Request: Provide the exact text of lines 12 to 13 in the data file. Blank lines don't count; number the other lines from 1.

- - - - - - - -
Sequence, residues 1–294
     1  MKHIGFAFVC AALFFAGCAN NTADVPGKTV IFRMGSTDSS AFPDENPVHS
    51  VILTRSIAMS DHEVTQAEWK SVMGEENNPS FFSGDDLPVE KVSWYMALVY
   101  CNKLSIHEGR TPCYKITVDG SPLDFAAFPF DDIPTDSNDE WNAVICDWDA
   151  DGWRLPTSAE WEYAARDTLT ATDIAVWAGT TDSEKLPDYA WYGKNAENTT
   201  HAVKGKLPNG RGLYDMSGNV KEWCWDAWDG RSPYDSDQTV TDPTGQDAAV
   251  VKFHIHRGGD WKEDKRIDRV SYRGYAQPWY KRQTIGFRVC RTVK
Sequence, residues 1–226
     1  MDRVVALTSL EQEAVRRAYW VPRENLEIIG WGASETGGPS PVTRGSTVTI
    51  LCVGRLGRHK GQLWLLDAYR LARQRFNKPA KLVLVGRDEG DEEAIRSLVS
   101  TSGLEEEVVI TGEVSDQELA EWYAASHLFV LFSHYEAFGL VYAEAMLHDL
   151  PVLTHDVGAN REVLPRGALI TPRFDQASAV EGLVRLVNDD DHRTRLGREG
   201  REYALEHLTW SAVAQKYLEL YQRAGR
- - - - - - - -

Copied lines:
   151  PVLTHDVGAN REVLPRGALI TPRFDQASAV EGLVRLVNDD DHRTRLGREG
   201  REYALEHLTW SAVAQKYLEL YQRAGR